Mam Tor (Shivering Mountain)
Mam Tor is one of Castleton’s most famous landmarks, and one that remains ever popular with visitors to the village. Mam Tor rears up above the western end of Hope Valley, peering towards nearby Edale at the same time. It is believed to be one of the earliest hill forts in Britain, and the second highest at 1,700 feet above sea level Its name supposedly means ‘mother hill’, named so because it is shaped like a breast or because it keeps spawning mini-hill beneath as bits drop off, depending on who you believe. It is also known locally as the 'shivering mountain'. This is due to its horizontal layers of shale and gritstone, said to be ‘cake-like’ sedimentary bands, which begin to crumble due to their unstable nature when water and ice work their way into the layers. The shale and gritstone was laid down some 350 million years ago within a river delta. The hill side is said to ‘shiver’ as its rock crumbles away, which is particularly prominent on the east side of the mountain. The area below the face is continually in motion and each period of heavy rain undermines the loose shale and causes it to slip further down the valley. The former A625 main road from Stockport to Sheffield once went down this way but was swept away by a landslide in 1974 and was eventually closed for good in 1979. It is now only accessible by foot, as in 2005 the cost at rebuilding it was estimated at £10,000,000.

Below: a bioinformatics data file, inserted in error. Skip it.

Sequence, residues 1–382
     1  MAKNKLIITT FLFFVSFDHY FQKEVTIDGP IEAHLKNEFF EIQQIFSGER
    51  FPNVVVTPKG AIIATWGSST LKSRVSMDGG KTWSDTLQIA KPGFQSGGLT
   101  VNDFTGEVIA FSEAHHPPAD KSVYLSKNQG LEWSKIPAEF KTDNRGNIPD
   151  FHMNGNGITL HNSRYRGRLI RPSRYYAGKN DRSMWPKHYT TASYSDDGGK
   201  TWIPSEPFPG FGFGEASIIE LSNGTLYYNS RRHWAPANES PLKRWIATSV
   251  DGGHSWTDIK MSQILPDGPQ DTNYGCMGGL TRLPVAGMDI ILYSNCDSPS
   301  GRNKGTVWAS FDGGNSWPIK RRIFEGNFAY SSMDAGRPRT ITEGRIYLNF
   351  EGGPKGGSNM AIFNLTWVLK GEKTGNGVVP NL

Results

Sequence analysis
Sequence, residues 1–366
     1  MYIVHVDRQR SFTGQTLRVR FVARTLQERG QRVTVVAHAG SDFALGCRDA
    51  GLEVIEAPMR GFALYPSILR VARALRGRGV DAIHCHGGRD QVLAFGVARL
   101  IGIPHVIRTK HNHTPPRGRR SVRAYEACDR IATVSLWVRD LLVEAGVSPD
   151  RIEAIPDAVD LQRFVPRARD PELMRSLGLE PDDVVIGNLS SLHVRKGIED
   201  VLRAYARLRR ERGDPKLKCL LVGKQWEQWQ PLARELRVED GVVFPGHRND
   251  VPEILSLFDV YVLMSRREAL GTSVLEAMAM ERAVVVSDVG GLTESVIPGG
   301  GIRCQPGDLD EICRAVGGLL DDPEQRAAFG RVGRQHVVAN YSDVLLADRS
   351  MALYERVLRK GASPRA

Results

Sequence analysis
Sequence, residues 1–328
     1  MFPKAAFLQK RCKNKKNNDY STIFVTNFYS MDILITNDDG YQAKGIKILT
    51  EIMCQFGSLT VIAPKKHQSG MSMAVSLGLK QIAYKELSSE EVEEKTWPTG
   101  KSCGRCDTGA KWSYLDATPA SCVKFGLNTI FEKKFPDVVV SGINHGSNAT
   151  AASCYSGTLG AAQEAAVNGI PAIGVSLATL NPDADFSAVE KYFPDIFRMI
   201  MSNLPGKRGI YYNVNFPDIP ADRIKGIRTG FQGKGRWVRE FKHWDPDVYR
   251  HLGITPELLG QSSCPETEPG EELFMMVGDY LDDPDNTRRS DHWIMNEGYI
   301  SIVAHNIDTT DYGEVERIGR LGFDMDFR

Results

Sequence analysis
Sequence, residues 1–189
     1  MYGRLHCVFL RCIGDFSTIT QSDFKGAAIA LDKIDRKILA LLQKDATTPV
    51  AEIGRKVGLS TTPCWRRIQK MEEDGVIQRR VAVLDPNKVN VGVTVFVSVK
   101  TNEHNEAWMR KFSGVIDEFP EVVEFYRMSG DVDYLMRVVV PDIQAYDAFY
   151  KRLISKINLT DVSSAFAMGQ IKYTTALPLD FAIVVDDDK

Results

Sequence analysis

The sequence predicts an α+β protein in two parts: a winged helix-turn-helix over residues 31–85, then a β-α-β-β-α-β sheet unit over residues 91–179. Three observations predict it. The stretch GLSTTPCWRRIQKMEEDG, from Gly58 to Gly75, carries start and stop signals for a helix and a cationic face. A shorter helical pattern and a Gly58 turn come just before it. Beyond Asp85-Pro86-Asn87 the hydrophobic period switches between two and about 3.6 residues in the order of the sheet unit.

At the base of the Tor and nearby are the famous Castleton show caves, Peak Cavern, Speedwell Cavern, Blue John Cavern and Treak Cliff Cavern. The Tor sits near the top of Winnats Pass (a steep and narrow limestone gorge), forms the eastern end of Rushup Edge, and dominates the western end of the Great Ridge, one of the most famous, beautiful, and easy-to-reach ridge walks in the Peak District. The Ridge separates the two arms of the Hope Valley the valley of the River Noe (Edale) to the north, and the Peakshole Water (Castleton) to the south.
Tourist information centre and Mam Tor
One of the distinctive features of Mam Tor Peak is the active debris flow resulting from a rotational landslide that occurred in the region of 4,000 years ago. Experts say that this began in pre-historic times when the drier climate of the Bronze Age gave way to today's Atlantic period. Geologists think the landslide activity will only stop when the face of the hill reaches an angle of 30 degrees, which isn’t predicted to happen for at least another 1,500 years. The initial failure exposed bedrock displaying a sequence of shales and sandstones near to the summit. Evidence for the continued movement of the slide mass is demonstrated graphically by the complete destruction of a road that once crossed the width of the failure. The road was originally built in 1819 by the Sheffield Turnpike Company using spoil from the nearby Odin mine. The route was designed to bypass the steep limestone gorge of Winnats Pass, where the gradient was a severe test of a coachman's skill and the strength of the horse team. The road was subsequently re-laid until local authorities closed the road in 1979. Layers of tarmac and gravel are up to two metres thick in places, signifying the frequent efforts made to keep the road open.